Mortality and treatment delays

Treatment delays in patients with severe aortic stenosis (sAS) continue to impact outcomes. With COVID-19 putting a strain on healthcare resources — and delays in aortic stenosis (AS) treatment carrying a mortality risk that increases the longer the delay — early identification of sAS patients and timely referrals can help minimise these risks.1-3

The detrimental impact of COVID-19 on sAS referrals and patient outcomes

As many healthcare systems adjust to COVID-19 the impact of the pandemic has been felt by patients with sAS. A study in America has highlighted the risks of deferring treatment for patients with severe symptomatic aortic stenosis (ssAS).

 

On March 22, 2020, an executive New York State government order lead to the cancellation of elective procedures for 3 months.1 During this 3-month period, 27 of 77 patients (35%) experienced a cardiac event, with 24 requiring urgent TAVI for accelerated symptoms and 3 dying.1 In the 3 months preceding the order, no patients died of AS while awaiting TAVI.1

 

Minimising delays in referral for patients with sAS remains just as important today as it did before the COVID pandemic. Listen to Professor Möllmann’s insights on treating AS at the time of COVID-19.

Valvular heart Screenshot_020321
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Professor Helge Möllmann (Germany): Valvular heart disease care at time of COVID-19

2 min

ssAS lowers life expectancy if left untreated2,4

The onset of symptoms (typically angina, syncope and heart failure) with AS represents a crucial point in the natural history of the disease and is associated with a sharp decline in survival.


Mortality is poor in patients with ssAS without treatment, with survival rates as low as:2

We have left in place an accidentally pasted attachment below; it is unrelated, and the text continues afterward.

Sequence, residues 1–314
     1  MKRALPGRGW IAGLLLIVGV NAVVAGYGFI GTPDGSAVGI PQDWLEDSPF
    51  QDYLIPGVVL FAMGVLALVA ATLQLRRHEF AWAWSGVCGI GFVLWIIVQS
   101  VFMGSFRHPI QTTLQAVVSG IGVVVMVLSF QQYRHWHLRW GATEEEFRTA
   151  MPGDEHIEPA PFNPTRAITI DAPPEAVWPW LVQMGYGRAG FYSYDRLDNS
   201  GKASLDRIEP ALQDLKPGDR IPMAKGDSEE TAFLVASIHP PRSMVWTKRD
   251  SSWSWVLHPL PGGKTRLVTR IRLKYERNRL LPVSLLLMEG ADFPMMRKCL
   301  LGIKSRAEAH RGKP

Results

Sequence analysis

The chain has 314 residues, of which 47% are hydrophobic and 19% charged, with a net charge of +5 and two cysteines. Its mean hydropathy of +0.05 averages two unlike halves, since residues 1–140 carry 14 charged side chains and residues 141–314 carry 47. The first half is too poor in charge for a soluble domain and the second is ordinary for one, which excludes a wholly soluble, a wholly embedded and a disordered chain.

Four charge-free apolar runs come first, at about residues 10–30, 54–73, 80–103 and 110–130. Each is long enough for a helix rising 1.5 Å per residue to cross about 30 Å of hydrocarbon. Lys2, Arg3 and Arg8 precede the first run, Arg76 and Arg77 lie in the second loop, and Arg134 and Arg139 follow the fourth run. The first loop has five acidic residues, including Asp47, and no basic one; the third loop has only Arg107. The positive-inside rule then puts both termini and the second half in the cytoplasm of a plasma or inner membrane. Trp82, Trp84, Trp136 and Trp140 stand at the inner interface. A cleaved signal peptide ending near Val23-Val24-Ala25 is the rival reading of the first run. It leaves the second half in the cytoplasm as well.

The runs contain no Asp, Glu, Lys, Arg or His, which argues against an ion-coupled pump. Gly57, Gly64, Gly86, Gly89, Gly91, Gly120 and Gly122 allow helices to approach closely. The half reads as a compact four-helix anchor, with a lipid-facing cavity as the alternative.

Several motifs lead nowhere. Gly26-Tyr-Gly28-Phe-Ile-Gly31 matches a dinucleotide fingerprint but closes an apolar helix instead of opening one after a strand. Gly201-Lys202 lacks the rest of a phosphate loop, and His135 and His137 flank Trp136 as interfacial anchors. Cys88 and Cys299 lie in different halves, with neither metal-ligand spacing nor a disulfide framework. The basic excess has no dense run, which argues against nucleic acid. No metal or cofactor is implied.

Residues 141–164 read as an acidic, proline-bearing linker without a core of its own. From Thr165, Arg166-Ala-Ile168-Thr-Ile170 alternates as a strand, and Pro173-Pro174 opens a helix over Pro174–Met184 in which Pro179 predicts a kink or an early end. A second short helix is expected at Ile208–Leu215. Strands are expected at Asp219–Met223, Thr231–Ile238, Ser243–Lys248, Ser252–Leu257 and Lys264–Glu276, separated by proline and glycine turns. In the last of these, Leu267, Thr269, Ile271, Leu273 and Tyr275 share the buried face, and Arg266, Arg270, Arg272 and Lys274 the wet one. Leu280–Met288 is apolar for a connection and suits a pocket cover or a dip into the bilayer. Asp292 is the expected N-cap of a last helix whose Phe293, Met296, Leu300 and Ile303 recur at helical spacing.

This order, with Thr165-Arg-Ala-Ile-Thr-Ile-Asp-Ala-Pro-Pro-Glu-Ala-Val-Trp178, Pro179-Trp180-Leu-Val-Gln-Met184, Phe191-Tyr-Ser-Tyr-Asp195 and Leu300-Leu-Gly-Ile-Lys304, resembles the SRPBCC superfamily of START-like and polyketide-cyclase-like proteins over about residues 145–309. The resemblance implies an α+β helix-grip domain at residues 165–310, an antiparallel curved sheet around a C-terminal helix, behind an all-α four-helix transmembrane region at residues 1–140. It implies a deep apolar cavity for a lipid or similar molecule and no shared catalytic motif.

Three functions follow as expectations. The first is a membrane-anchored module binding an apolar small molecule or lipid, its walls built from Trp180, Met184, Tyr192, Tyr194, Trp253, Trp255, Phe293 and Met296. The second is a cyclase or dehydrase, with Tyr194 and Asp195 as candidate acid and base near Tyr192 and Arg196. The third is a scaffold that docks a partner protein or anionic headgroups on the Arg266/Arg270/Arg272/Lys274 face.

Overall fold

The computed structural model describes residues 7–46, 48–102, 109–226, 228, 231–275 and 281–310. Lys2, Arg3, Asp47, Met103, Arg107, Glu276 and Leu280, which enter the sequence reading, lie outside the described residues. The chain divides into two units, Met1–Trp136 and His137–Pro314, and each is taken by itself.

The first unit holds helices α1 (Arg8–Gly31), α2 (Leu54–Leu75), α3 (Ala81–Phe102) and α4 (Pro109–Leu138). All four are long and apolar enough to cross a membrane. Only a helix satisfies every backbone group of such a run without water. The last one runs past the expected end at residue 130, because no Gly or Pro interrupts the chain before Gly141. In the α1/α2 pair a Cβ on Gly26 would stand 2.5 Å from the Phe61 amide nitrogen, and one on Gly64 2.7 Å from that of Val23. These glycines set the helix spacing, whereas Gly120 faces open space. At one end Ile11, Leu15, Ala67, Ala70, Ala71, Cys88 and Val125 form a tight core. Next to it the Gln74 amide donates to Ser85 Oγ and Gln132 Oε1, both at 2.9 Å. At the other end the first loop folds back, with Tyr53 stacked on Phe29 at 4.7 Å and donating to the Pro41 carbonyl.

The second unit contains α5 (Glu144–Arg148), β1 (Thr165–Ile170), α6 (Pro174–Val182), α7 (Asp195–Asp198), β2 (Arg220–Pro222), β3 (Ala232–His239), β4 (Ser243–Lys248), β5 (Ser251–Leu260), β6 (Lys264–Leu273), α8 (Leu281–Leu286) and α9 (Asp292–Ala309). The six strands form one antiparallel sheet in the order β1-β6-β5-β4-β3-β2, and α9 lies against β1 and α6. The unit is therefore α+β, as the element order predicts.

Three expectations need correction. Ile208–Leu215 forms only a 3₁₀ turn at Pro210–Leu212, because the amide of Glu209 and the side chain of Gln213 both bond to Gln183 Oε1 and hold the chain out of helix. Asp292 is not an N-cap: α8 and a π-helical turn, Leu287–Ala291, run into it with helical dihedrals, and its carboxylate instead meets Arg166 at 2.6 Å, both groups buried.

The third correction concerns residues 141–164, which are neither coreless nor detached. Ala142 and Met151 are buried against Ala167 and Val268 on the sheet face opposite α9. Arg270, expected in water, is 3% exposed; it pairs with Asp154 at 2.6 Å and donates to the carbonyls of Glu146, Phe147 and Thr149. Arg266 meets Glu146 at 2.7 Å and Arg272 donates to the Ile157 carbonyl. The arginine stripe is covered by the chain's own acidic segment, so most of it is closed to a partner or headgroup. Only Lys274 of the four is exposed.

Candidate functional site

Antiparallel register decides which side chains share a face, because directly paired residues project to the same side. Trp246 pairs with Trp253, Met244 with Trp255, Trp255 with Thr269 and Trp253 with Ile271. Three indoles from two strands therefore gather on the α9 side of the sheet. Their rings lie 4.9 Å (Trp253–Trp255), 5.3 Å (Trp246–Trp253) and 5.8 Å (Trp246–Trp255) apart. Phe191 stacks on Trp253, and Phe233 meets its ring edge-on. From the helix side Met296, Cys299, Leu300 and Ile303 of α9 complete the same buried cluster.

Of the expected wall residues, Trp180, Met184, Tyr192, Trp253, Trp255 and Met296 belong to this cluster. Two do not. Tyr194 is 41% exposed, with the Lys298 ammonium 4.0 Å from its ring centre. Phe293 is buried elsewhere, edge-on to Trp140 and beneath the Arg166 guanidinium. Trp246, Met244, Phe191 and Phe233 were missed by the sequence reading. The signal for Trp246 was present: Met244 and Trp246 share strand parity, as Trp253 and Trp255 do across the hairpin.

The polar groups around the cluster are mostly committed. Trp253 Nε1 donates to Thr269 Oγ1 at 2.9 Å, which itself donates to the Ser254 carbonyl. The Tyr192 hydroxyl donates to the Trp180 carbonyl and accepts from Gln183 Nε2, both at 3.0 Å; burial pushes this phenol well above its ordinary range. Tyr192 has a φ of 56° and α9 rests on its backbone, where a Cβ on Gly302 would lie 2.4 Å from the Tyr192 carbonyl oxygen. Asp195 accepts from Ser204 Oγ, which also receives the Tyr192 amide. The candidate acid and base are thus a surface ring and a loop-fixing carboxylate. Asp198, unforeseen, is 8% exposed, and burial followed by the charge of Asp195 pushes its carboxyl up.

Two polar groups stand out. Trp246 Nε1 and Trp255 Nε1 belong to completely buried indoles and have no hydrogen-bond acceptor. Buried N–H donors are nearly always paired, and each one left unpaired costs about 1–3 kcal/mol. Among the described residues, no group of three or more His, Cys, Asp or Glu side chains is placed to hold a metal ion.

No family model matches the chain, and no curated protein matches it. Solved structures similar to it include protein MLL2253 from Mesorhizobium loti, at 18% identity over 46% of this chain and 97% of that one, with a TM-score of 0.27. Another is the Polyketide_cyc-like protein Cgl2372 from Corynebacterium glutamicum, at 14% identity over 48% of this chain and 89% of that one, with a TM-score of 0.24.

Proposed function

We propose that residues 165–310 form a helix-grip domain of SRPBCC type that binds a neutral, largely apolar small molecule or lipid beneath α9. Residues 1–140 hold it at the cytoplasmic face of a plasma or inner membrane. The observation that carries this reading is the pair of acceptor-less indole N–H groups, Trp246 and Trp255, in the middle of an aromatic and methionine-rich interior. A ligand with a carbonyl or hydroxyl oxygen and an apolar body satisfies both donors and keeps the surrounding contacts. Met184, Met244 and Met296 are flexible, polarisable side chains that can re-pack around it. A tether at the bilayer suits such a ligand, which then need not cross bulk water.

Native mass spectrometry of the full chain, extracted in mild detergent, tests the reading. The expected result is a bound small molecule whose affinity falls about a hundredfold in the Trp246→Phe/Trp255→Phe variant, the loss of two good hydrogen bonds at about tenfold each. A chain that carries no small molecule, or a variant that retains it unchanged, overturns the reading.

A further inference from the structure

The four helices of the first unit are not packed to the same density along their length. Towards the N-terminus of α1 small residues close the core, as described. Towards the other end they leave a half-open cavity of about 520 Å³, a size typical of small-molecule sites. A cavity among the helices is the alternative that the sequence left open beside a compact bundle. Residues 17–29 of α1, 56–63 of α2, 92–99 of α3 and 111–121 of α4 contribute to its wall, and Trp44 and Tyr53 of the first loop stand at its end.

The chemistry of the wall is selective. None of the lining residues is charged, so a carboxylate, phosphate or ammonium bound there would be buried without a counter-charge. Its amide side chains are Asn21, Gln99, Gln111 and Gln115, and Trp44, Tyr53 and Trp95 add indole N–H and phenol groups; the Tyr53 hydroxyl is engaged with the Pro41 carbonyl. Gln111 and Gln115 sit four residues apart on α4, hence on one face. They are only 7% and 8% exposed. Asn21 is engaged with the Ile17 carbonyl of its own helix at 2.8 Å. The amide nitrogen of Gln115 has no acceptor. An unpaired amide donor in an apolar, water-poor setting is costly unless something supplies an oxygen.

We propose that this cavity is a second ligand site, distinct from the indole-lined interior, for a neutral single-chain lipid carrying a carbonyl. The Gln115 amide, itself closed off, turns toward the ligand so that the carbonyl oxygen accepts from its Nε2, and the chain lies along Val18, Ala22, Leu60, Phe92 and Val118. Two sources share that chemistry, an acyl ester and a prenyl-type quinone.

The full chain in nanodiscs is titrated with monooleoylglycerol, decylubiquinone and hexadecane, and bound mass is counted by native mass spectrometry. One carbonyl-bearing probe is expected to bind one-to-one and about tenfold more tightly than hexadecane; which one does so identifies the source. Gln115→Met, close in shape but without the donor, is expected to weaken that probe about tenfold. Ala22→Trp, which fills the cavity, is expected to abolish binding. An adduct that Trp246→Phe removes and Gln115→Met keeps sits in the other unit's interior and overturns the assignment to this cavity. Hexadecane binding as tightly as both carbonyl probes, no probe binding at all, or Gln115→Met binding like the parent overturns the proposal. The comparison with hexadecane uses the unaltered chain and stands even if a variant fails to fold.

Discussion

• 50% at 2 years and
  • 20% at 5 years
While a study of 1,005 patients with ssAS, which included 823 recommended for aortic valve replacement (AVR), showed the risk of death when waiting for treatment increased more than three-fold between 1 and 6 months:4


The authors of the study concluded that the risk of mortality while waiting for AVR (3.7% at 1 month) was equivalent for the intervention itself (3.9% 30-day mortality).4


Early referral of patients with sAS can maximise their chances of receiving timely treatment

Euro VHD II survey shines a light on current practices

The aim of VHD II survey was to analyse the actual management of valvular heart disease (VHD) in clinical practice vs recommendations within the latest clinical guidelines.3

The survey demonstrated that recommendations for interventions in symptomatic patients with severe aortic valve disease are applied more consistently compared with the previous European survey conducted in 2001.3,5

  • 79.4% (95% CI, 77.1–81.6; n=2,152) of patients with symptomatic AS and a Class I indication for intervention had one performed or scheduled

Intervention decision for patients with ssAS and Class 1

indication in 2017*3

EUROHeart_graphic 1

Intervention decision for ssAS patients aged > 75

years in 2001†5

EUROHeart_graphic 2

Intervention decision for patients with ssAS and Class 1

indication in 2017*3

Intervention decision for ssAS patients aged > 75 years in 2001†5
EUROHeart_graphic 1
EUROHeart_graphic 2

 

 

The wider availability of TAVI may partly account for this change in practice.

 

Late referral was identified as an ongoing issue, highlighting the need for increased awareness of valvular heart disease amongst general practitioners and cardiologists.3 Of the patients with AS who were referred, 37.3% were New York Heart Association class III or IV and 16.4% required hospitalisation for heart failure within the preceding year.

 

Delays in scheduled treatment were also highlighted even though prolonged waiting time for intervention is associated with increased mortality.3 Only 48.1% of patients requiring scheduled intervention for AS actually underwent treatment within 6 months.

 

The COVID-19 pandemic represents an unprecedented challenge for health care systems, emphasising that treatment delays are linked to poor prognosis outcomes for patients with ssAS. Prioritising early referrals for patients with sAS remains key.

Patients with sAS who require AVR may not always present with classical symptoms. See more on AS diagnosis and evaluation.


Intervention = TAVI or sAVR Intervention = sAVR.

References :

  • 1Ro R, et al. JAMA Network Open 2020;3(9):e2019801.
  • 2Otto CM. Heart 2000;84(2):211–218.
  • 3Iung B et al. Circulation 2019;140(14):1156–1169.
  • 4Malaisrie SC, et al. Ann Thorac Surg 2014;98(5):1564–1571.
  • 5Iung B et al. Eur Heart J 2005;26(24):2714-2720.

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References

  • 1Raddatz MA, et al. Open Heart. 2020;7(2):e001331.
  • 2Delgado V, et al. JACC Cardiovasc Imaging. 2019;12(2):267–282.
  • 3Baumgartner H, et al. Eur Heart J Cardiovasc Imaging 2017;18(3):254–275.

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